More salad in New Haven Schools

Homer Simpson once famously said that one cannot win friends with salad.

But since Feb. 4, two New Haven public schools have been trying to prove him wrong. The schools’ effort is part of the “Let’s Move Salad Bars to Schools” program, a new nationwide initiative aimed at lowering child obesity rates that started last November, that is helping to raise funds so that participating schools can offer salad bars in addition to standard lunchtime cafeteria fare. Administrators hope this move will stimulate student interest in healthy, sustainable eating, said Timothy Cipriano, the executive director of food services for New Haven Public Schools.

“We hope to change the way children and their families look at food,” he said.

The program targets school districts that have a high percentage of students who qualify for free or reduced lunches and the necessary resources to offer a daily salad selection, said Patrick Delaney, the communications director for the United Fresh Produce Association. He said that so far, more than 500 schools across the country have participated, and the project hopes to reach another 5500 schools over the next three years.

In New Haven, only two schools — Mauro-Sheridan Science, Technology, and Communications School and Barnard Environmental Studies School — have implemented the program. However, the campaign website said that as of Sunday, 33 more New Haven elementary and middle schools have already applied to qualify for funds. Each salad bar costs approximately $2,500, Delaney said.

“Kids like to feel that they’re able to make, on some level, their own choices, and that’s what a salad bar does,” he said.

Cipriano and Barnard Environmental Studies School Principal Michael Crocco intend to use the salad bars as a tool to make students more conscious about the origins of the food they eat, promoting an attitude of culinary sustainability that they can take beyond the classroom and the cafeteria.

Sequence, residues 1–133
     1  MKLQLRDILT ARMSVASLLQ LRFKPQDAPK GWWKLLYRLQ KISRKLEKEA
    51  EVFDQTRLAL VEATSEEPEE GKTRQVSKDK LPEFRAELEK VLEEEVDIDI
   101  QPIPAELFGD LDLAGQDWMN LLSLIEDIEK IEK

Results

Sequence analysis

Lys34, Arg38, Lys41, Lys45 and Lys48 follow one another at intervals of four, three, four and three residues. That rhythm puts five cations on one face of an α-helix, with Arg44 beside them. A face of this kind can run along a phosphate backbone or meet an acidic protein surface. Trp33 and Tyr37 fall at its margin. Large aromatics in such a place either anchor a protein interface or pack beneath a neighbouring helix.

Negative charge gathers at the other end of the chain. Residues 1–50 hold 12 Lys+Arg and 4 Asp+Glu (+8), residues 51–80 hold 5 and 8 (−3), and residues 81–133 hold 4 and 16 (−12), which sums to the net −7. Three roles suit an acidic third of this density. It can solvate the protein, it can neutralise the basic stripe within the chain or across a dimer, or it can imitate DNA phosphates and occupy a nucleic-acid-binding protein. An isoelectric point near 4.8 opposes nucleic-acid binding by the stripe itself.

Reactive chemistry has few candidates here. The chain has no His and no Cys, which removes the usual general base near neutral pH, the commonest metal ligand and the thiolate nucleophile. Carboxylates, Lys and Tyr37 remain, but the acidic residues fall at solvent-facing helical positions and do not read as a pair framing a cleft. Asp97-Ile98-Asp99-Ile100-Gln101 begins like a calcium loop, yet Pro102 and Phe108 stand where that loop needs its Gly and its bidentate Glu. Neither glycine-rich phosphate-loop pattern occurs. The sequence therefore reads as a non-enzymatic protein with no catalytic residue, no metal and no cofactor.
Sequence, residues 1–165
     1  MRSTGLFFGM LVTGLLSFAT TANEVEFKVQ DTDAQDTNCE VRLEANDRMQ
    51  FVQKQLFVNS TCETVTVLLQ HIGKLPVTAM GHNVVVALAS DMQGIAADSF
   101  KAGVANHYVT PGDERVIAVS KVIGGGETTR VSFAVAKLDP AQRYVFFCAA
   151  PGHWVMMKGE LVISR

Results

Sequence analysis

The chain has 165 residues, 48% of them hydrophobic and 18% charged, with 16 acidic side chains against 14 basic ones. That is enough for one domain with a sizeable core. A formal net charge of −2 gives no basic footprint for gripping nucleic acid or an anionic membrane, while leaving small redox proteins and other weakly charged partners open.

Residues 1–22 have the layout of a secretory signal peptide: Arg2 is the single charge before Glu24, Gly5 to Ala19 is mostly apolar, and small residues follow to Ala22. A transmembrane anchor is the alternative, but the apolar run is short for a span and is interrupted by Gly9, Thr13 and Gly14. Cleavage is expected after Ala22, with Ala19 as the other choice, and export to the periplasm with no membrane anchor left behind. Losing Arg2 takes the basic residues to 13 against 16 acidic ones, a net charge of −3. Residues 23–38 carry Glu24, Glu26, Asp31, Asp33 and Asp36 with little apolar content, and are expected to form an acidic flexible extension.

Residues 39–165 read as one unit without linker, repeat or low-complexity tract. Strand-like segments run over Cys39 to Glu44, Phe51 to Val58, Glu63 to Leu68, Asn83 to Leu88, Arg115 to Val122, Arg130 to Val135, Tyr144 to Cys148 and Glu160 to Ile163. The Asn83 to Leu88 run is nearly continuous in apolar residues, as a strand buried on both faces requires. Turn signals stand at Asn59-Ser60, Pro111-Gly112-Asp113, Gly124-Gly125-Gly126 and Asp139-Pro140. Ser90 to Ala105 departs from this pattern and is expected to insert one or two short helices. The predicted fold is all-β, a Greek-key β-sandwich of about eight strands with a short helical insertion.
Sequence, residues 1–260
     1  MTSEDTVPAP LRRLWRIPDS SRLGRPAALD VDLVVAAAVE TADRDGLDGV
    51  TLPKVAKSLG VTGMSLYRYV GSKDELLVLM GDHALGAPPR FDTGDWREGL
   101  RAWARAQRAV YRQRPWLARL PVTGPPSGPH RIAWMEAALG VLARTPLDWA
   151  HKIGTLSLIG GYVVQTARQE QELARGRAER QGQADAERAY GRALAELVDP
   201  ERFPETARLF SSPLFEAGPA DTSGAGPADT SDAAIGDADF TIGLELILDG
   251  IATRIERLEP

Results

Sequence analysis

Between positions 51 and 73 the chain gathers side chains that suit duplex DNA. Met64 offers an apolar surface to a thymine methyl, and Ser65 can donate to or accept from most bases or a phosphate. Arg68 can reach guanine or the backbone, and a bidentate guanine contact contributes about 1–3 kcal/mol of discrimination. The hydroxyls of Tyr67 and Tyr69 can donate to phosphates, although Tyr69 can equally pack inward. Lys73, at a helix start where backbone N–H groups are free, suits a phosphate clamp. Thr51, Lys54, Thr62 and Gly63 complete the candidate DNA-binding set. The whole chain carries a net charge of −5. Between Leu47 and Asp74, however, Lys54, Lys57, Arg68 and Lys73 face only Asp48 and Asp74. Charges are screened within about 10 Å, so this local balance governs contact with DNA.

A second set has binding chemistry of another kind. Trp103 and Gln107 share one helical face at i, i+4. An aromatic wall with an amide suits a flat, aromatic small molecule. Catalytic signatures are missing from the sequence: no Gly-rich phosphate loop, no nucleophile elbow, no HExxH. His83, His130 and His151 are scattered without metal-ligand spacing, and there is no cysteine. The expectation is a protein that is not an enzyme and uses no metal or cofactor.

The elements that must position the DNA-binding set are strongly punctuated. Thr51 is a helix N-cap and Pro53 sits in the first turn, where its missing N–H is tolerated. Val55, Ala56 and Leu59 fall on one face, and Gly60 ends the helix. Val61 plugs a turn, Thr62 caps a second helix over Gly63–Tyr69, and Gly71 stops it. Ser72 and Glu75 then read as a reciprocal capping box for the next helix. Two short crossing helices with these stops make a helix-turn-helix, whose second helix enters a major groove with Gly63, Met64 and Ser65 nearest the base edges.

“Children are in school to learn; [and] the cafeterias are extensions of the classrooms,” said Cipriano, “The response has been very good so far.”

Crocco agreed, saying that his students are so enthusiastic about the new menu item that cafeteria staff has had to warn students against taking too much salad.

Mauro-Sheridan and Barnard, who had already requested more opportunities to offer fresh produce, were two schools already in a position to implement the changes.

“We have a huge garden and a wide variety of things that we grow, so we wanted a salad bar so that we could utilize what we were growing,” said Crocco, adding that the salad bar meshes well with his school’s focus on environmental stewardship.

United Fresh, along with NatureSeal, a food preservative company based in Westport, Conn., approached Cipriano and offered to pay for the installation of salad bars in the two schools.

The program’s website said that the salad program was started last year by a group of national non-profit organizations and produce industry associations — which includes the United Fresh Produce Association and NatureSeal — and is intended to complement First Lady Michelle Obama’s “Let’s Move” campaign against childhood obesity.

The program comes on the heels of the report from Pres. Barack Obama’s Task Force on Childhood Obesity, which found last May that one in three American children is overweight or obese and that less than 50 percent of children eat their daily requirement of fruits and vegetables. The task force specifically recommended cafeteria salad bars as a means of combating the obesity epidemic. A 2007 study by the University of California, Los Angeles found that children eat more vegetables when given the opportunity to choose which ones they eat. Crocco said he has seen this phenomenon in action already.

“If they know … they have the option of just taking the things they like, they are more apt to go through [their salads],” he said.

The New Haven Public Schools system enrolls 21,000 students across 45 schools.

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